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Old 06-28-2020, 09:25 PM   #1
jr_bob_dobbs
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Registered: Mar 2009
Distribution: Slackware,Linux From Scratch
Posts: 443
Blog Entries: 64

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Slackware 64 Current: upgrading just the kernel


Right now I've got a comfy Slackware install, which I installed in March. All of the programs I like are in and working. Wine is running some programs that it was never able to run before: I am even able to run a few games (real games, full-on 3d games, not minesweeper). This may be the best Linux install ever!

There are two problems (which may or may not be one problem). One: lid close then open freezes the computer. Two: randomly, tapping a key to turn the screen on after being away from the keyboard causes an immediate reboot.

I'm thinking this is caused by some kernel and/or firmware bug, because I've used different Linux installs (and a windows install) on this same computer without this problem.

Since my current install is otherwise so perfectly tuned, I don't want to upgrade anything except for the kernel & firmware.

My idea is to upgrade *just* the kernel and firmware. In the past, I did this by one of two methods. One: grab a newer kernel source and rebuild the kernel & modules. Two: a fresh install of a newer version of the operating system.

The odd thing is, while I know how to compile a kernel, I don't how to upgrade a pre-compiled kernel within Slackware. Also I do not know the exact packages needed to upgrade using the Slackware packages!

Near as I can tell, if I manually get the latest Current of only the following packages, I should be able to install them, without touching the existing kernel, modules & firmware:
  • kernel-firmware
  • kernel-generic
  • kernel-huge
  • kernel-modules
  • kernel-source

The source probably isn't needed, I don't know for sure. I realize that I do not need both huge and generic. I normally use generic ... but I like the idea of having huge as a fallback. I don't need to upgrade kernel headers.

So my actual question is: is simply grabbing and installing those packages (from Current), generating the new initrd and then updating lilo going to achieve my goal of a new kernel in a March install of Slackware?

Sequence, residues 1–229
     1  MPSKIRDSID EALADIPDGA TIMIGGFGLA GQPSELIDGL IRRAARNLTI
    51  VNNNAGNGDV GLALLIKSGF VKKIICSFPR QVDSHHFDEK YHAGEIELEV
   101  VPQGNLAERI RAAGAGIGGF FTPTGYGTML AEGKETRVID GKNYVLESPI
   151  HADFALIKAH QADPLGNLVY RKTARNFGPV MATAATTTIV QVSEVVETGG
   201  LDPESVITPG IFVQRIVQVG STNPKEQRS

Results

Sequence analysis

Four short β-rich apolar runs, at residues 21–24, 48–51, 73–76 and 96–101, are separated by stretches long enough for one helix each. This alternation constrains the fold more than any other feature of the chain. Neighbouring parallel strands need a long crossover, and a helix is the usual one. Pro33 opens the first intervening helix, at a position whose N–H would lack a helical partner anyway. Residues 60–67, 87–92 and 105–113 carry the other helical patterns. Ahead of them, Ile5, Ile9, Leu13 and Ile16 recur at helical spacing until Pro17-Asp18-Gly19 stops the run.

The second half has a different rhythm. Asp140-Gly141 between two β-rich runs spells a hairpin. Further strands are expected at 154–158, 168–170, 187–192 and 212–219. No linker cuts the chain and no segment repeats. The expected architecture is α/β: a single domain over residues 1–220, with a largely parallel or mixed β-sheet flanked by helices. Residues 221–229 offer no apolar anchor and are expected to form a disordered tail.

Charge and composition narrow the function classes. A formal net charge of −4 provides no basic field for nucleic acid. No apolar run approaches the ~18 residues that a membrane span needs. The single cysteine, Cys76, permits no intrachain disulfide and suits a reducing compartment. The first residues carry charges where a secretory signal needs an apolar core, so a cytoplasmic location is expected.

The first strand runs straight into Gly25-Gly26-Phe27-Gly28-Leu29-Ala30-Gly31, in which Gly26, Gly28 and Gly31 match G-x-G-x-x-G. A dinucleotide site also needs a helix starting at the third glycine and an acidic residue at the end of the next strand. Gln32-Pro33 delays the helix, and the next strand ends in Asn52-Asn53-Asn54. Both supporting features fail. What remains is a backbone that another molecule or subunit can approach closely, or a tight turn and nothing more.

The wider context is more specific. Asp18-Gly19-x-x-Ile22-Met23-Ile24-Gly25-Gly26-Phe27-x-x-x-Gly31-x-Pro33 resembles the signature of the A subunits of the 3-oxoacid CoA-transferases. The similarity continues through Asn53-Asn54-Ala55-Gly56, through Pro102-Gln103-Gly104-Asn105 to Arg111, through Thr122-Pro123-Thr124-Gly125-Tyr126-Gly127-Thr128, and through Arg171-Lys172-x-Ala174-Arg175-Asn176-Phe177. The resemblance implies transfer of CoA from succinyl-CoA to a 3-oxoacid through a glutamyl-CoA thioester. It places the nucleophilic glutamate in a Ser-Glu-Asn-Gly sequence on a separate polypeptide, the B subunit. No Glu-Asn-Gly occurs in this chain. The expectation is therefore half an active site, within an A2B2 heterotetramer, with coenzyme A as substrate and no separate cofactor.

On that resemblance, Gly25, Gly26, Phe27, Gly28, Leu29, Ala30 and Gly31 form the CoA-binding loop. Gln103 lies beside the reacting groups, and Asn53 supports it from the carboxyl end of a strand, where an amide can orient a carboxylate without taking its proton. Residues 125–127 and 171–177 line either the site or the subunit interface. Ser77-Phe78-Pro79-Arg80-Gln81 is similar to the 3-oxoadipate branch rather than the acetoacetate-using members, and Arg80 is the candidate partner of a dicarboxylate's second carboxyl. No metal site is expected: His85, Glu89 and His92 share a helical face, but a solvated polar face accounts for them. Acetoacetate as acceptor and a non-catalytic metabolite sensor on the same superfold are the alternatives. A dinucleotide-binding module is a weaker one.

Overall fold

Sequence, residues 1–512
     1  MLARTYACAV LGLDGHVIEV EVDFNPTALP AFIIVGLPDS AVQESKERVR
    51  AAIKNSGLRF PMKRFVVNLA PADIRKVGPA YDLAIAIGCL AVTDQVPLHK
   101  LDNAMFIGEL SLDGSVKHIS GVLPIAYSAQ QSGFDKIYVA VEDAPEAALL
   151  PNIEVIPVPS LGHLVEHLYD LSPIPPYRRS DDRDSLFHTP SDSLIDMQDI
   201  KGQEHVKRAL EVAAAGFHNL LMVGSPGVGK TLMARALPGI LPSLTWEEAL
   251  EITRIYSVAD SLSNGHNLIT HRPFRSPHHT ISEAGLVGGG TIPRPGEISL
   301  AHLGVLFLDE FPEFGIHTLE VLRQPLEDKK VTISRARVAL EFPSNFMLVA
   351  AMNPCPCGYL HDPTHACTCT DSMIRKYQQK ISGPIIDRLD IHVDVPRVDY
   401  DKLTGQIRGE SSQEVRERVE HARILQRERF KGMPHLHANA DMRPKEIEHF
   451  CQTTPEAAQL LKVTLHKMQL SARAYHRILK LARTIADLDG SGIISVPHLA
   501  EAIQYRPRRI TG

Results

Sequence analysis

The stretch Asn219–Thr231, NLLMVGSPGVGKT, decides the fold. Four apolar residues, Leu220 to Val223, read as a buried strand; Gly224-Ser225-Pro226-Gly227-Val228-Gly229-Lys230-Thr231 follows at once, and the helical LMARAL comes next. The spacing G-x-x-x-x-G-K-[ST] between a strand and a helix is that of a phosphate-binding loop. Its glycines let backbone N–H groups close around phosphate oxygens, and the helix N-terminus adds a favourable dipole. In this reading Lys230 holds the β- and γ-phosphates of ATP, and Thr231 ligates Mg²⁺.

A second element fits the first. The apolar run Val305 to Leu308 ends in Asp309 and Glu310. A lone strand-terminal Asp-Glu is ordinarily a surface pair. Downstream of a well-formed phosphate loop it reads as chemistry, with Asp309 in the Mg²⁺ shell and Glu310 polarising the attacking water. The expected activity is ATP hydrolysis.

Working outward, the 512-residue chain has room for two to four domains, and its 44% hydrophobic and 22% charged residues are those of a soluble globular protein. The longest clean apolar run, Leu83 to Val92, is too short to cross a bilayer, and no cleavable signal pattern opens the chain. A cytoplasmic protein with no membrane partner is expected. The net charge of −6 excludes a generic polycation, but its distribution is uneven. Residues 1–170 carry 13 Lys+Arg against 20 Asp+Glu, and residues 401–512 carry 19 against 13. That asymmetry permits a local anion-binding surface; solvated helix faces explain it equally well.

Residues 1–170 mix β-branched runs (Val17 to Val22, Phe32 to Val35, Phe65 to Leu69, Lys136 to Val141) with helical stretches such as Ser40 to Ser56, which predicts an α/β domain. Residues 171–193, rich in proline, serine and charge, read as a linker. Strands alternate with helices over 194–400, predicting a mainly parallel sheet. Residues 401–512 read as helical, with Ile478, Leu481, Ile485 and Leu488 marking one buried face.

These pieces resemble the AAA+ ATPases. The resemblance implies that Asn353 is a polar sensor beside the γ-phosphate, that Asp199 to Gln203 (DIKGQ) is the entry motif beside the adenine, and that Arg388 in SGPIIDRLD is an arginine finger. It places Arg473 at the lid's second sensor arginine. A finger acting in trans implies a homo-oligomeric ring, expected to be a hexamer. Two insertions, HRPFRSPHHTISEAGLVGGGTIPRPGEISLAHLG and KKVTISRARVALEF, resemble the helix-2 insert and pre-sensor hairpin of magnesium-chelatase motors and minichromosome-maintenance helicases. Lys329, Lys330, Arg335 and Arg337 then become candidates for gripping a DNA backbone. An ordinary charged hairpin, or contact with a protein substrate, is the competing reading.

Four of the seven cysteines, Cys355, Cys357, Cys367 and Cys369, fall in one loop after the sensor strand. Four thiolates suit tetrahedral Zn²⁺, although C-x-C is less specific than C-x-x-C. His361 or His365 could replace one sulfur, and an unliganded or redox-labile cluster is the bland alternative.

Thank you.
 
Old 06-28-2020, 10:03 PM   #2
cwizardone
LQ Guru
 
Registered: Feb 2007
Distribution: Slackware64-current with "True Multilib."
Posts: 5,700
Blog Entries: 1

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It should.

You would want,
/a/kernel-generic
/a/kernel-huge
/a/kernel-modules
/d/kernel-headers
/k/kernel-source
and
/a/kernel-firmware
if you need it.

Then run, installpkg
on the first five and
upgradepkg --reinstall --install-new
on the firmware update.

In /boot, run, mkinitrd (add your options)
if you are going to use the generic kernel.

Then edit your /etc/lilo.conf
run, lilo
and reboot.

You may have to reinstall your graphics driver and VirtualBox.

If you build any packages you may need both the headers and the source.

By using, installpkg
your new kernel can happily co-exist with your old kernel.
If you duplicate the entries for your old kernel in your lilo.conf for your new kernel, with the appropriate changes, of course, you will be able to choose, at boot up, your new kernel or your old kernel. If something goes wrong with the new kernel installation, you can always boot the old kernel and still have a working computer while you sort out the problem.

Last edited by cwizardone; 06-28-2020 at 10:30 PM.
 
Old 06-28-2020, 10:55 PM   #3
RedBlueYellow12
LQ Newbie
 
Registered: Aug 2019
Location: Melbourne, Australia
Distribution: Slackware
Posts: 27

Rep: Reputation: Disabled
It should; there's about five different kernels in my lilo from previous upgrades, just in case something broke. There's no need to purge the old ones, they don't take up much space anyway.
Doesn't compiling some things break if your headers aren't the same version though?

Last edited by RedBlueYellow12; 06-28-2020 at 10:57 PM.
 
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